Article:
A few months ago some friends of mine asked me to officiate their wedding. I was so honored. I might have even cried a bit. (Obviously I’m not a pastor but I’m pretty sure you can get ordained online to do things like weddings.) My immediate response was, “Heck yes! I can do that! That’d be awesome!” But out loud (or via the keyboard) I told my wonderful friends that I’d have to think and pray about it*. Even though my initial reaction was to go for it, my reaction that followed very quickly was, “Is this okay? Can I do this? Should I do this? Do I believe it’s good and right for women to officiate weddings?”
(*Interesting side note: I’ve always thought the “I’ll have to pray about it” line was a pretty lame one. This feeling is due in part to my quick-decision-making-personality and the belief that if you are in tune with the Holy Spirit and in constant prayer, you know what Jesus would do and the decision should be pretty easy. This is still how I feel about the phrase. Usually.)
So I did what I always do when I need a good answer to a problem – I asked my mom. She’s pretty wise about you know, life and stuff. She said something that has stuck with me and has been ruminating around in my head and heart for the past few months. It was something like, “I’m not going to tell you what to do, because I know you’re going to do what you think is right. But I will tell you what I think. Officiating a wedding is a pastor’s job. God has called you to be many things, but He has not called you to be a pastor.”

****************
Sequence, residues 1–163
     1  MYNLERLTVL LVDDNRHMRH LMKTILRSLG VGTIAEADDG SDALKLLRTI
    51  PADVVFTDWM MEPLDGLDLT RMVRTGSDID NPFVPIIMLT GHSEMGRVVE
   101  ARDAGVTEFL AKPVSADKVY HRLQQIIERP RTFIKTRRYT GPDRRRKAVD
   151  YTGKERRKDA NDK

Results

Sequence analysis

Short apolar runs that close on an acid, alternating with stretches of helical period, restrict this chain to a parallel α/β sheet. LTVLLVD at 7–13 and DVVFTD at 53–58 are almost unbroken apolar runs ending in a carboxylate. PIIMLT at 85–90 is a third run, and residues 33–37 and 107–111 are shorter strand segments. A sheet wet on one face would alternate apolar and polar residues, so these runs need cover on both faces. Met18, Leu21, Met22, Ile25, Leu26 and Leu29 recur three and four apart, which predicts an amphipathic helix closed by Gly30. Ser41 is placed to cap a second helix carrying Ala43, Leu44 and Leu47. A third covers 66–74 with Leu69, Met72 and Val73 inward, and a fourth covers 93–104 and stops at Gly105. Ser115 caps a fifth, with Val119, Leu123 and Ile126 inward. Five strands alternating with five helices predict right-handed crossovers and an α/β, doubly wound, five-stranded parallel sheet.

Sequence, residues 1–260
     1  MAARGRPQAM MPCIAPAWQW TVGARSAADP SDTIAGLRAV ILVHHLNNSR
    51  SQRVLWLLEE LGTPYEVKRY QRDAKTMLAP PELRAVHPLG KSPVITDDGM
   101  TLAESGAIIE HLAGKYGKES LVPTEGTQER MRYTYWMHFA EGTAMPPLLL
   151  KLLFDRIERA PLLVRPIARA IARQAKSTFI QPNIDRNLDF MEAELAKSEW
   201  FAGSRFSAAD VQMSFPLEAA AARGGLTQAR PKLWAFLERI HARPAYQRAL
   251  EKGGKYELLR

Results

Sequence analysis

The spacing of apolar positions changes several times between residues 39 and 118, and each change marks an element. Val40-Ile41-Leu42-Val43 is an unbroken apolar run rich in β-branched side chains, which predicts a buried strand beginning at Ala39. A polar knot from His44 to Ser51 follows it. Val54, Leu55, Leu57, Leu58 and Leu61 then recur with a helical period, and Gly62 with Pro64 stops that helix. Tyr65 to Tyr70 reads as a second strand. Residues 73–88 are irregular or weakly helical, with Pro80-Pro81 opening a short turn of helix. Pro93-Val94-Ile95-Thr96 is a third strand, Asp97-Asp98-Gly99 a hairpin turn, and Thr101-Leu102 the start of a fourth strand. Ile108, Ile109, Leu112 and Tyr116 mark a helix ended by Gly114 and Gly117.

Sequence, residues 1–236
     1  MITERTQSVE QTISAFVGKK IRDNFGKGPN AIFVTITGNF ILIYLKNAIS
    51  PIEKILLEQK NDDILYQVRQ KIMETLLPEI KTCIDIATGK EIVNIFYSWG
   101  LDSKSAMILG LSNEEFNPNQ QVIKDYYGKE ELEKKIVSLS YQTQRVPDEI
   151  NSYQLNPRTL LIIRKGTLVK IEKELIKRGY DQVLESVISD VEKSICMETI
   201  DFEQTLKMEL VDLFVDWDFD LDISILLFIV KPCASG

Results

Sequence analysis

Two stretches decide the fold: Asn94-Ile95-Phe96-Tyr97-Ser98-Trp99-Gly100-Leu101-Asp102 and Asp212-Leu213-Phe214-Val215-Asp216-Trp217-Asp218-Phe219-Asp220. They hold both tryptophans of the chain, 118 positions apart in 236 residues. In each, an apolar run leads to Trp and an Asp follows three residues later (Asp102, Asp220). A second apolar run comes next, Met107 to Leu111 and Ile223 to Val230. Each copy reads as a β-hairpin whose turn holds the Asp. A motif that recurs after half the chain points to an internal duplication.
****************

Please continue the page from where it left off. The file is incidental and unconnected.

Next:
She didn’t say that women can’t be pastors or officiate weddings. She didn’t make a blanket statement about women or marriage everywhere. She looked at the situation at hand, which was a friend asking me personally to officiate their wedding, not someone asking me to endorse non-pastor-women-wedding-officiators everywhere as Biblical. And I realized that what I was looking for was a blanket statement. A right or wrong for everyone everywhere that would tell me what to do in this particular situation.
But here’s the thing. I am not in charge of everyone everywhere. I’m not even in charge of non-pastor-women-wedding-officiators everywhere. I am only in charge of me. And all I can know for sure is what God has asked me to do, what God has revealed to me through His Word and His people, and how He is working in my life. The rest isn’t my stuff to figure out.
Which is so freeing!! Because now I can love and admire that woman pastor and that Christian who drinks and that church body who repeats prayers and passages of Scripture and even better I can see it all as Beautiful and Live Giving and Part of the Bride. And even learn from that woman pastor and be discipled by that Jesus lover who drinks and repeat prayers and passages of Scripture and know Jesus better through all of it. Because I’m not in charge of figuring out how Jesus should show up in everyone else’s lives. I’m not in charge of universally applying Scripture. I’m in charge of me. And I’m in charge of trusting God to do His thing whether I think it’s the right thing to do or not.
For my thoughts are not your thoughts, neither are your ways my ways, declares the Lord. For as the heavens are higher than the earth, so are my ways higher than your ways and my thoughts than your thoughts. – Isaiah 55:8-9